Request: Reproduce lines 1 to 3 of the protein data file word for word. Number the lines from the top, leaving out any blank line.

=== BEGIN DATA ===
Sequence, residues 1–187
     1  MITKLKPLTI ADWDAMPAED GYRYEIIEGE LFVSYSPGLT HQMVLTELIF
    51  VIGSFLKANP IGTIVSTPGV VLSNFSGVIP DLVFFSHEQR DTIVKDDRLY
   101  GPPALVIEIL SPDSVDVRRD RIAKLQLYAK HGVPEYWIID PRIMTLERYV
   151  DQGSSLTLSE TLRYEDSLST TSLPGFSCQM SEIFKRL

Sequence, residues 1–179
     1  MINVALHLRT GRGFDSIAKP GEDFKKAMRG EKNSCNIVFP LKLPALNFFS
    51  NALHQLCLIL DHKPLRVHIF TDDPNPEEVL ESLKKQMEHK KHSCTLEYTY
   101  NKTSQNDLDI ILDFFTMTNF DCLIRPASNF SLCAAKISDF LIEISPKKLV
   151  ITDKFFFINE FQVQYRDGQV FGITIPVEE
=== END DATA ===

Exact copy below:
Sequence, residues 1–187
     1  MITKLKPLTI ADWDAMPAED GYRYEIIEGE LFVSYSPGLT HQMVLTELIF
    51  VIGSFLKANP IGTIVSTPGV VLSNFSGVIP DLVFFSHEQR DTIVKDDRLY